Studies show that between 871,045 and 1,219,470 of the LGBT population in the UK are over the age of 65. Research suggests that this group is marginalised and their life stories, history and family are less valued, when it comes to their health and social care.
For many people growing older can be a frightening prospect due to a likely loss of mobility and fragilities which mean day-to-day care is needed. For the LGBT people, growing older can also mean a loss of identity too. Reports have shown older LGBT people having to go back into the closet to be admitted to care homes, or not being allowed admission to care homes because of their sexuality.
Older LGBT people report not having their partners acknowledged as next of kin, and many have faced both deliberate and unintentional discrimination and abuse by health and social care staff they have encountered.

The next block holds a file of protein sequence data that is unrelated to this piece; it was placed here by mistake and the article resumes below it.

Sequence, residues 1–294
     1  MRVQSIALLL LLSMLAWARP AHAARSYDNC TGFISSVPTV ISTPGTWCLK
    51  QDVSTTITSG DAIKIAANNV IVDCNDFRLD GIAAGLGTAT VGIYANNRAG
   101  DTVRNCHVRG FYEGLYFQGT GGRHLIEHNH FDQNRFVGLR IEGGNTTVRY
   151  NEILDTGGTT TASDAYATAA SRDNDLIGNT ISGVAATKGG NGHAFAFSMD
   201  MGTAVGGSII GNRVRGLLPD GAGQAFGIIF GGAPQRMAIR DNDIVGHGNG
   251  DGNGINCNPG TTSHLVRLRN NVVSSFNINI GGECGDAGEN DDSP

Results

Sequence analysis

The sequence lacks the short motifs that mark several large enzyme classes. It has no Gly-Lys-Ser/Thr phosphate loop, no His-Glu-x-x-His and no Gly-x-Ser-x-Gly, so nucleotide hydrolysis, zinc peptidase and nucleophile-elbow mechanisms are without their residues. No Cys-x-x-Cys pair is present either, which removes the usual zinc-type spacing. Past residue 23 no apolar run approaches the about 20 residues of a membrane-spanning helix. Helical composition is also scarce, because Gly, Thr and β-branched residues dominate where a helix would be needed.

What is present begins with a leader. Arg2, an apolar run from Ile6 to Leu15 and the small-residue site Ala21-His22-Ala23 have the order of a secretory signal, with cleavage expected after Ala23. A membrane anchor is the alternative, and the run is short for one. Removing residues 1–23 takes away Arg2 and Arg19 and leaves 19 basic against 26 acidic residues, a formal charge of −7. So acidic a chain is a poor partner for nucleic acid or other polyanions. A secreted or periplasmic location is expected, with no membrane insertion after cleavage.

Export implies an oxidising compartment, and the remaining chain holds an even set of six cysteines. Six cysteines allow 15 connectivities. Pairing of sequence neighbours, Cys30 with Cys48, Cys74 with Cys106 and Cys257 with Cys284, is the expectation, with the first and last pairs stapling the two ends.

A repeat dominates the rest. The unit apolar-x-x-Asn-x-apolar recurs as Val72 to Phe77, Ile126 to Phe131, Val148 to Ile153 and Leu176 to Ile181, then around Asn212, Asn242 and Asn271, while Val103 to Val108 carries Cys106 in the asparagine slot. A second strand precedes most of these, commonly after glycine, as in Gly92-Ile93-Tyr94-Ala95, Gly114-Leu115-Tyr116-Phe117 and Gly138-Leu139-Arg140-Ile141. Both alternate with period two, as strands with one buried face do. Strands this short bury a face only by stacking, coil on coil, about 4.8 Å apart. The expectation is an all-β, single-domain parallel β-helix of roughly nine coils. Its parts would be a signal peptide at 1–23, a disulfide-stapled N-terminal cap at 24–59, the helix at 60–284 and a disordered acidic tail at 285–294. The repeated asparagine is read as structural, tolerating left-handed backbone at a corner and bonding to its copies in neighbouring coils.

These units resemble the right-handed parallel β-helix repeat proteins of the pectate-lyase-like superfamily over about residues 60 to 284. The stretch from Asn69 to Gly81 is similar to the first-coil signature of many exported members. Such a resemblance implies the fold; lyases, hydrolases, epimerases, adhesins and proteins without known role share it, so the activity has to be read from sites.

In addition to this, these are people who have lived through times when identifying as LGBT had serious consequences. Often, they don’t have children and may be estranged from their siblings and families. They’re more likely to face social isolation, loss of friends as they get older and age discrimination.
Hopefully younger generations growing up will not have to live with these problems. But only time will tell if acceptance will be guaranteed for the LGBT people, as there is still room for improvement and changes in society’s attitudes. Providers must ensure they don’t discriminate against individuals and the Equality Act 2010 helps to protect individuals with protected characteristics, such as sexual orientation, from discrimination. A provider’s failure to comply with the provisions of the Equality Act could result in civil claims against them.